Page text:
If you're familiar with the works of Anton Chekhov, you know that he was a master of the short story. In particular, he was known for his use of the "Chekhov's Gun" principle - the idea that every element in a story should be necessary, and that anything superfluous should be cut out:
"One must never place a loaded rifle on the stage if it isn't going to go off. It's wrong to make promises you don't mean to keep."
We can also find this variation of the principle:
"Remove everything that has no relevance to the story. If you say in the first chapter that there is a rifle hanging on the wall, in the second or third chapter it absolutely must go off. If it's not going to be fired, it shouldn't be hanging there."
Can you see how this applies to consulting work as well?
When delivering advice to clients, the best consultants I know make sure that every element is essential and that anything unnecessary is left out. You don't need to share statistics, best practices, or frameworks with them if they are irrelevant to what you're trying to achieve. Doing so is counterproductive.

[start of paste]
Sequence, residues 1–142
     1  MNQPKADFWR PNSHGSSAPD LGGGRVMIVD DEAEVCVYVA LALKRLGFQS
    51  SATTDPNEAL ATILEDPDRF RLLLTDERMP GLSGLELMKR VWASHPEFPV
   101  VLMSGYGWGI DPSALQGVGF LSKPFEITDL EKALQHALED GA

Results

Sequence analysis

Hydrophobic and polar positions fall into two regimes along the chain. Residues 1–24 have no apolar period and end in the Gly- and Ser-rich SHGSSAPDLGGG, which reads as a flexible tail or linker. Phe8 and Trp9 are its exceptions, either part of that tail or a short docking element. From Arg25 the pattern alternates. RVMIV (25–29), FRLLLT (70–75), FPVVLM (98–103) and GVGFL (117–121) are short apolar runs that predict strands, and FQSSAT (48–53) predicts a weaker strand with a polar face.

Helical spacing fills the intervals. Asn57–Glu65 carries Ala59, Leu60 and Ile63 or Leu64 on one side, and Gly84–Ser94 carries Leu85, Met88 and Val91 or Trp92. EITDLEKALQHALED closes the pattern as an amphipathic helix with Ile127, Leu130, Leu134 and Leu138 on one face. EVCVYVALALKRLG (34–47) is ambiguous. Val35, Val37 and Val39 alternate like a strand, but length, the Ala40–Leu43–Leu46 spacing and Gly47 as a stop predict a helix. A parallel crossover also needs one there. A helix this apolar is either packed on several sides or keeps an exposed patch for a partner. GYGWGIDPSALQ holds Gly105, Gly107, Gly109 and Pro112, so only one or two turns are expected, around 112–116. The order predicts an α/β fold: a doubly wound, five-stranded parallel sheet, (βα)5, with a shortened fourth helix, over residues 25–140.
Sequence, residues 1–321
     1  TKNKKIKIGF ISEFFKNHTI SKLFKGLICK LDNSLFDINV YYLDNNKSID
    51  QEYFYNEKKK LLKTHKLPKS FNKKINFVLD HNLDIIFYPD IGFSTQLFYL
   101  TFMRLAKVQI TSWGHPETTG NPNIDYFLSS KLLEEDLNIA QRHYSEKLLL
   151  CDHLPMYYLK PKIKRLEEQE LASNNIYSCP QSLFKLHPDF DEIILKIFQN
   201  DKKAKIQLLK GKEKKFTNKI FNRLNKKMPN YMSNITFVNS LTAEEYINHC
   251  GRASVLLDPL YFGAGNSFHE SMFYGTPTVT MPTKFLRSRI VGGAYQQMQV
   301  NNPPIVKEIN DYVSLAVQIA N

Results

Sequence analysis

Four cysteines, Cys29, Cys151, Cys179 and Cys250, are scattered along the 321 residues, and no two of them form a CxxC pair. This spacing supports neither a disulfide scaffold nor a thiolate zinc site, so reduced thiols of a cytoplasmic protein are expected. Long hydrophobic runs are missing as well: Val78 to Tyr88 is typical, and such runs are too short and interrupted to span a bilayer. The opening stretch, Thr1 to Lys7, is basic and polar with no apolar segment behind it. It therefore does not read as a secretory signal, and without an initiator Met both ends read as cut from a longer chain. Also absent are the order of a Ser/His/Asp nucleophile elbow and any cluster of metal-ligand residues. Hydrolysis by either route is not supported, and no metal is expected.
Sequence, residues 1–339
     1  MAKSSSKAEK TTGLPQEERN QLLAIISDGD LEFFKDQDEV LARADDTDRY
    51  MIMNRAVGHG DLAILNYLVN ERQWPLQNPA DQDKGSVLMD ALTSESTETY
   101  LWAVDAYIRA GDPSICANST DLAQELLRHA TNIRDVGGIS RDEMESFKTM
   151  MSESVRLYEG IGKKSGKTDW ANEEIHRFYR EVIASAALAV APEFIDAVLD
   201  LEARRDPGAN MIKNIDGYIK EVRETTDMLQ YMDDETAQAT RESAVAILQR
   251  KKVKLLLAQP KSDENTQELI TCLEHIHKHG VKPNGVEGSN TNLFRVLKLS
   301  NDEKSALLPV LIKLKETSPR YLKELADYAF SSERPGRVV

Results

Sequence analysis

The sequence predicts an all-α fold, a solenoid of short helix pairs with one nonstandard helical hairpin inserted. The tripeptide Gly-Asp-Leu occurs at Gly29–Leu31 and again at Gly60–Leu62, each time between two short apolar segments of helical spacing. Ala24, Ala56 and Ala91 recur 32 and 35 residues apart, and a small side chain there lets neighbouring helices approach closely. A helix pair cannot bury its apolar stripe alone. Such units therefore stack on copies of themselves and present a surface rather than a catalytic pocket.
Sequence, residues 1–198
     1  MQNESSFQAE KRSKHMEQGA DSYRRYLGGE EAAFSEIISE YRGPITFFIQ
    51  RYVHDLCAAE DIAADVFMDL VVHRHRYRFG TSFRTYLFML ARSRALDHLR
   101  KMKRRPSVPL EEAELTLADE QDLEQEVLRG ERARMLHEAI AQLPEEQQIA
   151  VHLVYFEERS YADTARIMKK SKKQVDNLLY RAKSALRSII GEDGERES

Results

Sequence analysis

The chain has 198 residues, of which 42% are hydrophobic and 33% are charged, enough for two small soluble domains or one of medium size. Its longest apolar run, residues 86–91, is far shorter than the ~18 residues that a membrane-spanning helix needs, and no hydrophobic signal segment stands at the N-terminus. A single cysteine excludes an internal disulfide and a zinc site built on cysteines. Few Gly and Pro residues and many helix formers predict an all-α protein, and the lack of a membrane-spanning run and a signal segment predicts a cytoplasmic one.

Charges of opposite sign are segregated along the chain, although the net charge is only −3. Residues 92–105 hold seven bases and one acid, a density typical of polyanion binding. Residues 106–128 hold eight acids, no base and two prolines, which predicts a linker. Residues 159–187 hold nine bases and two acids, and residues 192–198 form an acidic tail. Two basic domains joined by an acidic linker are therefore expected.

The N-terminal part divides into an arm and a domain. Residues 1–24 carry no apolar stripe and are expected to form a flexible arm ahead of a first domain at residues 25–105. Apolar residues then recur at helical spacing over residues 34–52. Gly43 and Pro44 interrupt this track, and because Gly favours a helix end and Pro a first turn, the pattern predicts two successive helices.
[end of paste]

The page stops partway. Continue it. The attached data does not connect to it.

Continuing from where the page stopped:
Your goal, in addition to helping your clients change and make difficult decisions, is to provide clarity. Overloading them with information has the opposite effect:
- Instead of presenting them an endless list of KPIs and benchmarks, help them identify the 1-3 indicators that will best reflect your real progress.
- Instead of sharing all your services at once like a restaurant menu, diagnose clients and present the few solutions that fit their needs and requirements.
- Instead of sharing a link to your blog, curate the content and insights you share with them to ensure it's timely and relevant.
All of these reduce decision fatigue and improve your client's experience. It's helpful to remember your clients are just like you: busy, indecisive, and swimming in a sea of irrelevant information.
To improve your story, eliminate the noise and keep the signal.